As the chief of Madison Metropolitan School district’s 32 elementary schools, Nancy Hanks is responsible for supervising principals and making sure they have the support they need to thrive.
Hanks is a product of Chicago Public Schools and earned her Master’s in Educational Leadership and Administration from Harvard University. Before moving to Madison in 2013, she was a principal at Melody Elementary School on Chicago’s west side, near where she grew up. In 2016, Hanks was recognized by The Root as one of the 100 most influential African-Americans in the country.
As she wraps up her fourth school year in Madison, Hanks spoke with the Cap Times about her commitment to public education and ensuring that Madison’s youngest students have the “mirrors and windows” to reflect on themselves and see possibilities in the world around them.
You are a former teacher and principal. Do you miss anything about the day-to-day operations at an individual school?
Oh God, yes! Every single day. There is a close sense of community. You celebrate and mourn with your staff, and they become like a part of your extended family. Now, I have a big, blended family across 32 schools. I miss that all the time. Kids going down the hallway, “Hi, Ms. Hanks, how ya doing?” I get a bit of that now, being in the district close to five years. I’ve seen kids that started as kindergartners now getting ready to go off. So, it’s fun.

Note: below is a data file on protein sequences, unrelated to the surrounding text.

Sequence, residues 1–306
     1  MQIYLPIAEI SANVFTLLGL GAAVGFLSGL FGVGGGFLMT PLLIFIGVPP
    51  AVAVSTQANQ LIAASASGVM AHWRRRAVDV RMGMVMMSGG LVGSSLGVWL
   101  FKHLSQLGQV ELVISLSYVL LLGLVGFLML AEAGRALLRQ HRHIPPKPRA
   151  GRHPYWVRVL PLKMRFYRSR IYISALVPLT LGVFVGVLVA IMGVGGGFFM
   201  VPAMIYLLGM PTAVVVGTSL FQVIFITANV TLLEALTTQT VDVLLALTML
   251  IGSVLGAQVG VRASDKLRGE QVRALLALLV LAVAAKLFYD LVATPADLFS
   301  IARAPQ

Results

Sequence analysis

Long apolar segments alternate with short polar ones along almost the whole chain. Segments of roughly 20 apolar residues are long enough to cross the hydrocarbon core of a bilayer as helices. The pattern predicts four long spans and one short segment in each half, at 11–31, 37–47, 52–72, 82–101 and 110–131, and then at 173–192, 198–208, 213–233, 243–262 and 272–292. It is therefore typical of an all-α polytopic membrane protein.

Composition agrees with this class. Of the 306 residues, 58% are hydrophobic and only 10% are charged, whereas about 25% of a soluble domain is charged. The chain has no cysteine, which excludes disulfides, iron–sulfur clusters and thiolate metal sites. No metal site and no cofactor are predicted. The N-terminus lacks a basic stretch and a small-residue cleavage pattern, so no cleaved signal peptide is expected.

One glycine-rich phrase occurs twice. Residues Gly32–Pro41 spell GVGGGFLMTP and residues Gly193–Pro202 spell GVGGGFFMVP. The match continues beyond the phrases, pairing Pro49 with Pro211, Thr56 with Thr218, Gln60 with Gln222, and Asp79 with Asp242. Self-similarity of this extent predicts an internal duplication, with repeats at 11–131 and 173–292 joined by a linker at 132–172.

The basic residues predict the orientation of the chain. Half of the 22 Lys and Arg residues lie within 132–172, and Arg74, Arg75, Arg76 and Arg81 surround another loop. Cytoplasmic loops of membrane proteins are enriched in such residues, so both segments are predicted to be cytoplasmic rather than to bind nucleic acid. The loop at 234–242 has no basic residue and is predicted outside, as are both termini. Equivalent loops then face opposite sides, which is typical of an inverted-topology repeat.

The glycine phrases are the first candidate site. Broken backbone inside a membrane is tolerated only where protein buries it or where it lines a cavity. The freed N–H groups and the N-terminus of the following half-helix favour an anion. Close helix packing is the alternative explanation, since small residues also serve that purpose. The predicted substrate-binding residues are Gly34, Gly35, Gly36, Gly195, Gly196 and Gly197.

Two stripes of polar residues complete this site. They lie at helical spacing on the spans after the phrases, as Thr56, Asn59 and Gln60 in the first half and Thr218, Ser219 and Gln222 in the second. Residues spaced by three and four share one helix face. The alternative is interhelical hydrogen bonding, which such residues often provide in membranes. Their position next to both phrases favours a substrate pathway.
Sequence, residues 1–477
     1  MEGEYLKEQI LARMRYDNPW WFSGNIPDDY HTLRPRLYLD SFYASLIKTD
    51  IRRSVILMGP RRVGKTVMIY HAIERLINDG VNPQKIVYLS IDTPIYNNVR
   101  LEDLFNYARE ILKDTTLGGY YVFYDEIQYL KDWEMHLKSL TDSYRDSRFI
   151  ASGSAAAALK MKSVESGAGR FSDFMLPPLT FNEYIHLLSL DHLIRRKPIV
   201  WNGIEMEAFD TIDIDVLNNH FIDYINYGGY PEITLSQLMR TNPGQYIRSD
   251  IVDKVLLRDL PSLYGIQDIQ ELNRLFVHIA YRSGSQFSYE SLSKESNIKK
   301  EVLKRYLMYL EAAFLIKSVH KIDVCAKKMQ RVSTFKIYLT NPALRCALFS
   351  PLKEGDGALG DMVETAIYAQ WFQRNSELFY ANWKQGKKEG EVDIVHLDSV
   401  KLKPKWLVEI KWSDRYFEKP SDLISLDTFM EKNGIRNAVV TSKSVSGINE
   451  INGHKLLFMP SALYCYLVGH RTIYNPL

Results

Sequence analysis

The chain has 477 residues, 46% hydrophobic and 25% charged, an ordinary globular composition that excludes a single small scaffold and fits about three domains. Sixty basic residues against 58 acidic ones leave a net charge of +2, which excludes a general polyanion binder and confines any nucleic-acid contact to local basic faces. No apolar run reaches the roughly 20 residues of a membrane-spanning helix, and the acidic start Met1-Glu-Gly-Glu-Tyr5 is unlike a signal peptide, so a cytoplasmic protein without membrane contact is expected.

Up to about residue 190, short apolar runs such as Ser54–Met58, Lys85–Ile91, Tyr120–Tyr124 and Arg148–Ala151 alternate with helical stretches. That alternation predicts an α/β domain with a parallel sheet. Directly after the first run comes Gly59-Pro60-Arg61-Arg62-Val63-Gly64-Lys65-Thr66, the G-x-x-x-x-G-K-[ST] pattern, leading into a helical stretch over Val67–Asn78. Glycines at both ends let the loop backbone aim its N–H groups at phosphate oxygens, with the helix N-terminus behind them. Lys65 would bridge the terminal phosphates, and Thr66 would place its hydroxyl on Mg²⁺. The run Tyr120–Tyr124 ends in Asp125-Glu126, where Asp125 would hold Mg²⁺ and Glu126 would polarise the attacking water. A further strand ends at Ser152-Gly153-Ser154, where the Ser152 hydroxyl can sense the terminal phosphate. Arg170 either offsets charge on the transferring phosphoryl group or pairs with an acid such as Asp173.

How does your background as a public school student and your experience growing up in Chicago influence your work?
Being a principal influenced my desire to want to be in this role. The principalship is a really hard job. It can be very lonely. Only four of our elementary principals have assistant principals. It’s hard to be the person that feels that you are carrying the weight of the school and the community by yourself. What makes it doable is being able to embrace shared leadership at the school and having a central office that put schools at the center. We like to say our role at the central office is one of two things: you either are helping a school to maximize their strategy, or you are doing everything you can to minimize distractions so they can do their best work. There were times, as a principal, where I felt I didn’t have that. In this role, it feels good to do that for our principals.
What are some of the biggest changes you’ve seen in Madison’s elementary schools during your tenure?
Definitely a focus on equity. There have been educators across our district that have really valued work around race and equity. Conversations around what it means to hold kids to high expectations or the impact of bias or implicit bias on discipline were happening in pockets across the district. Now, to hear those conversations in every school-based leadership team and principals’ meetings, at the table with people that look at data and make decisions, is probably the biggest change and one of the things I’m most proud of.
What are some of the challenges that MMSD faces moving forward into the next school year?
I think that we are beginning to balance. We’ve had a relentless focus on literacy the past four years. No apologies for that, it is the right focus, and we have to build strong readers. But also, making sure we are tending to other areas. Making sure that we are as well-rounded as possible so that we are providing kids with the type of support and academic prep that they need and we know that they can rise to, while also maintaining recess and exposure to the fine arts, all the things that we know are important for kids.